Heritage of Value, Archaeology of Renown: Reshaping Archaeological Assessment and Significance / Edition 1

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These essays urge archaeologists to reexamine and to change their basic assumptions about how we assign value to cultural places and, beyond that, how we should understand and manage our heritage throughout much of the world.
             At the heart of the complex field of cultural resource management is the work archaeologists do to determine the significance of a particular site. On a daily basis, they often face the question of what should be protected for future generations, salvaged in the face of impending destruction, or allowed to be destroyed without record. Frequently, their assessments are at odds with segments of society whose culturally conditioned values conflict with the practical management of resources. The book addresses such topical issues as public controversy over national memorials, land ownership, repatriation, and the protection of cultural heritage in war and peace. It sets the concerns of native peoples and minorities in the context of worldwide tensions between national and local identities, and it explores the overt goal of many countries to promote and appreciate cultural diversity. It also addresses the philosophical separation of heritage management and research within the archaeological discipline itself.
            The contributors propose that in both developing and developed nations the theoretical underpinning of policies must be examined, and new preservation, protection, and research strategies must be developed. Drawing on a broad base of international expertise, the book highlights new theoretical and pragmaticapproaches to archaeological value and significance being applied currently by professionals in North America, Europe, Africa, South America, and Australia.
            The book raises concerns of interest not only to archaeologists but also to those in law, politics, anthropology, environmental studies, and related fields. It revives the critical debate concerning significance and value while emphasizing innovations in both theory and practice in what has become in the 21st century an increasingly diverse discipline.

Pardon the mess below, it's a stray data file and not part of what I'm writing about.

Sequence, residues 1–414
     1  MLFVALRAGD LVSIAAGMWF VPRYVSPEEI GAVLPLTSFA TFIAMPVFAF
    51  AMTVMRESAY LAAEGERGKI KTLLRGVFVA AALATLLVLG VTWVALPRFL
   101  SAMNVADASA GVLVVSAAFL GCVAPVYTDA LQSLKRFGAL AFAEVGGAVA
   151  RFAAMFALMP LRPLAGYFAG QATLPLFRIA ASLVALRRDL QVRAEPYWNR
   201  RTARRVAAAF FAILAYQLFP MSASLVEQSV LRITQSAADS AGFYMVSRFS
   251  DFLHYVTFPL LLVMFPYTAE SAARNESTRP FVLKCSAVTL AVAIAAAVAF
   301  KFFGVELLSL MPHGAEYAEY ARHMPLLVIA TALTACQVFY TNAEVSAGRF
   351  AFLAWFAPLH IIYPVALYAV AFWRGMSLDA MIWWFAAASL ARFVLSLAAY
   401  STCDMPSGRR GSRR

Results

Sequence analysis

Clay Mathers is the geographic information systems coordinator for the U.S. Army Corps of Engineers in the Albuquerque District, New Mexico. He is the coeditor of Trends and Patterns in Cultural Resource Significance, Cultural Resource Significance Evaluation, and Development and Decline in the Mediterranean Bronze Age.


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Product Details

  • ISBN-13: 9780813027777
  • Publisher: University Press of Florida
  • Publication date: 12/28/2004
  • Series: Cultural Heritage Studies Series
  • Edition description: First
  • Edition number: 1
  • Pages: 339
  • Product dimensions: 6.52 (w) x 9.40 (h) x 1.18 (d)

Meet the Author

Clay Mathers is the geographic information systems coordinator for the U.S. Army Corps of Engineers in the Albuquerque District, New Mexico. He is the coeditor of Trends and Patterns in Cultural Resource Significance.
Timothy Darvill is professor of archaeology in the Archaeology and Historic Environment Group within the School of Conservation Sciences at Bournemouth University in England. He was chairman of the Institute of Field Archaeologists from 1989 to 1991 and is the author of the Concise Oxford Dictionary of Archaeology.
Barbara J. Little is an archaeologist with the U.S. National Park Service Archaeology and Ethnography Program in the National Center for Cultural Resources in Washington, D.C. She is the editor of Public Benefits of Archaeology (UPF, 2002) and coauthor of Assessing Site Significance: A Guide for Archaeologists and Historians.
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Table of Contents

Foreword : valuing heritage and the heritage of value
1 Introduction : archaeological value in a world context 1
2 "Sorted for ease and whiz"? : approaching value and importance in archaeological resource management 21
3 Good citizens and sound economics : the trajectory of archaeology in Britain from "heritage" to "resource" 43
4 Shaping and suppressing the archaeological record : significance in American cultural resource management 58
5 Archaeological significance and the governance of identity in cultural heritage management 77
6 "Rigidity and a changing order ... disorder, degeneracy and daemonic repetition" : fluidity of cultural values and cultural heritage management 89
7 The U.S. National Register of Historic Places and the shaping of archaeological significance 114
8 Reassessing archaeological significance : heritage of value and archaeology of renown in Brazil 125
9 Plastic value : archaeological significance in South Africa 137
10 "Drawing distinctions" : toward a scalar model of value and significance 159
11 Significance in American cultural resource management : lost in the past 192
12 Archaeological deposits and value 211
13 Archaeological and indigenous significance : a view from Australia 227
14 Sacredness, sensitivity, and significance : the controversy over Native American sacred sites 248
15 Traditional cultural properties and the national preservation program in the United States 276
16 Handling the unknown : the expanding role of predictive modeling in archaeological heritage management in the Netherlands 289
17 Assessing the cultural significance of World Heritage sites : a case study from Avebury, Wiltshire, England 301
18 The bigger picture : archaeology and values in long term cultural resource management 317
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